"The HIV/AIDS message is sent out using all available means, including the television. Anybody can access it. Whoever wants to listen to the message is welcome. We cannot leave any age group out. Even three year-olds need to know about HIV/AIDS," he said.
In a country which is still recovering from the 1994 genocide, which left up to a million people dead, HIV/AIDS is now one of the leading causes of death there. According to the Rwandan Ministry of Health, the leading causes of the AIDS pandemic include economic hardships, civil strive, the practice of multiple sex partners, availability of commercial sex and resistance to talking about sex and condom use.
"With a staggering one-third of households in Rwanda headed by females, the epidemic is exerting a disproportionate impact on women who are economically, socially and sexually vulnerable," says a recent report on HIV/AIDS in Rwanda.
By 2005, the report estimates that the death rate in Rwanda will be 40 percent higher due to HIV/AIDS than it was in 1990 and life expectancy will drop to 32 years by 2010.
While there is a high knowledge level of HIV/AIDS among the population, there is a low condom use, according to a ‘Behavioural Surveillance Survey’ conducted in Rwanda last year. In the transport sector for instance, over 92 percent of drivers were aware of means of HIV/AIDS prevention, but only with occasional use of condoms.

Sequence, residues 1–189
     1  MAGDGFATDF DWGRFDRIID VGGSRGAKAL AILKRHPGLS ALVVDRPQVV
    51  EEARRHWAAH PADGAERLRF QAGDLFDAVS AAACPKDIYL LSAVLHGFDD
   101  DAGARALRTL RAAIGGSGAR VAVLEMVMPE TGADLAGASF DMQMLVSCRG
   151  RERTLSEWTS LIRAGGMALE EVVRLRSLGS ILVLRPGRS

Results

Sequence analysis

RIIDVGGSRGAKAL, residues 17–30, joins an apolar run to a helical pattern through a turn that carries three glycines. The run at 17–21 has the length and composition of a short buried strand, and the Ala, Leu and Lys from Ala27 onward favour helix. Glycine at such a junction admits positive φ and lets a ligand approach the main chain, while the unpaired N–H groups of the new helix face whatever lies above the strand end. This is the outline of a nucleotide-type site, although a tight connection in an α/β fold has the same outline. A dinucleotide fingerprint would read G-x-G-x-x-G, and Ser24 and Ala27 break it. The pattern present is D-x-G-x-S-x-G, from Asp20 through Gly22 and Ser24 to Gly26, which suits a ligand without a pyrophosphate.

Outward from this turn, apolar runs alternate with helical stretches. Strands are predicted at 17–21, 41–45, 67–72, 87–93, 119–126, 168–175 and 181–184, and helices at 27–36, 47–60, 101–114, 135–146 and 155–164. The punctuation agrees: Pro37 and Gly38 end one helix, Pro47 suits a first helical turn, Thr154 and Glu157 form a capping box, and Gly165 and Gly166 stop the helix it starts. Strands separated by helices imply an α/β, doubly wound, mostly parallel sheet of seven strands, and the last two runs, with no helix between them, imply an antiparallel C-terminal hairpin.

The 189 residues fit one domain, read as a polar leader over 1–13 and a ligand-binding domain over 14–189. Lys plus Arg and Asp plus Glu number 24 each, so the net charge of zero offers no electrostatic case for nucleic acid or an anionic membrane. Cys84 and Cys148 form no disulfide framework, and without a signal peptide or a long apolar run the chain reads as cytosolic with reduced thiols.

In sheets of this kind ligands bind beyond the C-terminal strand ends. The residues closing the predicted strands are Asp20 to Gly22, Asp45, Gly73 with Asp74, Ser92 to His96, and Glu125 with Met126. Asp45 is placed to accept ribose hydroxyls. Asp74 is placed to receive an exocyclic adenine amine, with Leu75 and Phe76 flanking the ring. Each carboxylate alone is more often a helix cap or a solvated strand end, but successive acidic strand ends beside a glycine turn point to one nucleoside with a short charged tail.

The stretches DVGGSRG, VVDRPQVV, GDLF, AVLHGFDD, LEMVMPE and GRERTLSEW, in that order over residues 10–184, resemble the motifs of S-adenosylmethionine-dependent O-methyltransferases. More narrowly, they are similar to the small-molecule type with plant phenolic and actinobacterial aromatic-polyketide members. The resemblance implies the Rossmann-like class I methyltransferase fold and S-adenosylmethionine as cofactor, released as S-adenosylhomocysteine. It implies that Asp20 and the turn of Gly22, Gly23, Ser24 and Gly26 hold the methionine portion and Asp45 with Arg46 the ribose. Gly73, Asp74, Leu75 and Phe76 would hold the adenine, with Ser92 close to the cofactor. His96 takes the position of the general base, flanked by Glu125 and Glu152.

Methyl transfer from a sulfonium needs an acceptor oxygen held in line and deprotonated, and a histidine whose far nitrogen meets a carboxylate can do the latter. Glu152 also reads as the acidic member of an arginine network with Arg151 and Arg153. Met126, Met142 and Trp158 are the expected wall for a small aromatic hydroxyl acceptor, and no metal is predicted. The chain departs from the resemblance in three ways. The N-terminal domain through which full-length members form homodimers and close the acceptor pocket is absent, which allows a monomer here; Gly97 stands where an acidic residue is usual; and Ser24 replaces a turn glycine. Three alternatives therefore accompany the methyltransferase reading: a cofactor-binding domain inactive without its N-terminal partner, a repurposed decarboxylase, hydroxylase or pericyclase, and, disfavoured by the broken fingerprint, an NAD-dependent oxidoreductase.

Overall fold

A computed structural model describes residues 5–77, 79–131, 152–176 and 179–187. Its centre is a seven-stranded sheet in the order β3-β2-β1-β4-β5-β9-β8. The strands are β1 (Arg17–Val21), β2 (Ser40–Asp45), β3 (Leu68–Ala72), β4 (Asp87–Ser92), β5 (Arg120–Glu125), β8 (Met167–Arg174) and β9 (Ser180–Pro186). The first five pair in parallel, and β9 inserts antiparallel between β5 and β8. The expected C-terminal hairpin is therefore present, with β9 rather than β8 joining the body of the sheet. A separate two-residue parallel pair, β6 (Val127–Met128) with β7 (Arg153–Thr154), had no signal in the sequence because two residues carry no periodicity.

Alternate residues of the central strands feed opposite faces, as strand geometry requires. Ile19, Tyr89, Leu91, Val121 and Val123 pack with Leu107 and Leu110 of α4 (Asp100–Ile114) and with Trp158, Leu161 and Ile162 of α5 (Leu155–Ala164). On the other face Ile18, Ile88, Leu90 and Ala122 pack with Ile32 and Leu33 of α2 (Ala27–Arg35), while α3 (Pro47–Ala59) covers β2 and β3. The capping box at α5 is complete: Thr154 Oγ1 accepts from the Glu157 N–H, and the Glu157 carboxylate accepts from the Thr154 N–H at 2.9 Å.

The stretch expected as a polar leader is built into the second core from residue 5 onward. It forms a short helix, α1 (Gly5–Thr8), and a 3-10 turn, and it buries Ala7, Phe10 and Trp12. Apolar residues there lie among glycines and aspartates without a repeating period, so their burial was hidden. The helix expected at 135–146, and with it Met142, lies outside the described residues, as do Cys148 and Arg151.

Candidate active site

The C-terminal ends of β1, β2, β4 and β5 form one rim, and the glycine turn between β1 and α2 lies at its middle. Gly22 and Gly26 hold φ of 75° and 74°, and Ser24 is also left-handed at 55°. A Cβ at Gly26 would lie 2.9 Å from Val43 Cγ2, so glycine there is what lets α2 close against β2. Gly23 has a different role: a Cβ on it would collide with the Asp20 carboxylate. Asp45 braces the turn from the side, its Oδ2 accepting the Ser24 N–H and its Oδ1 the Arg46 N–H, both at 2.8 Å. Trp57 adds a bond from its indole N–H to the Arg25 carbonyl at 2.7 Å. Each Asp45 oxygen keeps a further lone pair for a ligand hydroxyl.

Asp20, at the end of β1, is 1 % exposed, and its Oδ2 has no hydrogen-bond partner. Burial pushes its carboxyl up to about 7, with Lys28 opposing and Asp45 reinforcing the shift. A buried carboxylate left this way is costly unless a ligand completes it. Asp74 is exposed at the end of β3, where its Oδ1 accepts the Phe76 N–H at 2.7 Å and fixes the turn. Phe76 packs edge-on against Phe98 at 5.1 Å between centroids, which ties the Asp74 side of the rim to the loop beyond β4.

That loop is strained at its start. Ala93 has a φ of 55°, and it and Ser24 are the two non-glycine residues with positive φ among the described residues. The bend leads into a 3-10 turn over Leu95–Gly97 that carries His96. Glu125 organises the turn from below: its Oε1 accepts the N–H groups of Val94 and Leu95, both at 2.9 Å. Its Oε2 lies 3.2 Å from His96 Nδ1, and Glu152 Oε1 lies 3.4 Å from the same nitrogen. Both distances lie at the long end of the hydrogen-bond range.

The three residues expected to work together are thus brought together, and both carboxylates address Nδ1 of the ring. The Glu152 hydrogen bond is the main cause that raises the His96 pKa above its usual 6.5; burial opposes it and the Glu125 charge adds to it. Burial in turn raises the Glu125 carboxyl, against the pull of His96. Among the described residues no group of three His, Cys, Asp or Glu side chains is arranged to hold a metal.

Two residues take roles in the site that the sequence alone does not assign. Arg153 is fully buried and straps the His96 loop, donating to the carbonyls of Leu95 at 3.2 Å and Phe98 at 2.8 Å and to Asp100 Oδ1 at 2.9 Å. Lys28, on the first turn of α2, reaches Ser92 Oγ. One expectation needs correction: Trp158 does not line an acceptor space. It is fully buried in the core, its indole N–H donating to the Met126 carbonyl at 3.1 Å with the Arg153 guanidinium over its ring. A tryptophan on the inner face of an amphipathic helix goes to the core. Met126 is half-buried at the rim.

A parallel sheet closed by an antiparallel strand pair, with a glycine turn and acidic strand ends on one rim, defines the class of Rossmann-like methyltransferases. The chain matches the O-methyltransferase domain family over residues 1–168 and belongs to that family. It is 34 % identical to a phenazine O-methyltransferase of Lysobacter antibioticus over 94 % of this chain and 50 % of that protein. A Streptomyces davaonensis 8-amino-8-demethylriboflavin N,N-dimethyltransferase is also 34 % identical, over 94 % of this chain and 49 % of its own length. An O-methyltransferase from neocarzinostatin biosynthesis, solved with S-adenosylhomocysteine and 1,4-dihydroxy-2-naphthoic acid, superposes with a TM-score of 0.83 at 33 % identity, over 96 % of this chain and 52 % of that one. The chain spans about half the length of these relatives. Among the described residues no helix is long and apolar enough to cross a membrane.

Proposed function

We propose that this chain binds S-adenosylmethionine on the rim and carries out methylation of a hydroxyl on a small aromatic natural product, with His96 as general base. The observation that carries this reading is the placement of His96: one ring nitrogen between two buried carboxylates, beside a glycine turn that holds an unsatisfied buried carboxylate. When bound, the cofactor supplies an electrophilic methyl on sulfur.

According to the UN Children’s Fund (UNICEF), AIDS has orphaned one million children in Rwanda. UNICEF estimates that 5,500-7,000 children are born to HIV-infected mothers every year.
Rita Nyirahabimana, one of the ATRACO members, says Rwanda’s HIV/AIDS programme helps not only those who are infected but also their families, particularly orphans and widows.
Rwanda is running a programme to prevent mother-to-child transmission in a number of hospitals. But despite these efforts, UNAIDS says by 2015, AIDS is expected to increase the country’s already high infant mortality rate by 10 percent.
UTODA’s national chairman John W. Ndyomugyenyi welcomed ATRACO and praised their initiative in the fight against HIV/AIDS, including the stocking of condoms in first aid boxes in taxis.
"The transport industry involves so many people. With it, one can carry the virus from Kabale (southern Uganda) and disseminate it in Arua (northern Uganda). That is why drivers need to be sensitised.
Ndyomugyenyi said, "We are targeting road safety and HIV/AIDS. Those two are national issues and they are important."
In Uganda, border points and stopovers have reported high incidences of HIV/AIDS infections. Business activity thrives in these small towns and trading centres with the selling of alcohol in bars as well as commercial sex.
Rwanda’s transporters, who have realised their vulnerability, intend to make the trips regular in order to exchange ideas with their Ugandan counterparts. They also hope to target all their counterparts in the Great Lakes Region – which along with Uganda comprises Tanzania, Rwanda, Burundi and the Democratic Republic of Congo (DRC) – with the HIV/AIDS message.
Maybe their effort could save millions of lives that would have been lost to HIV/AIDS.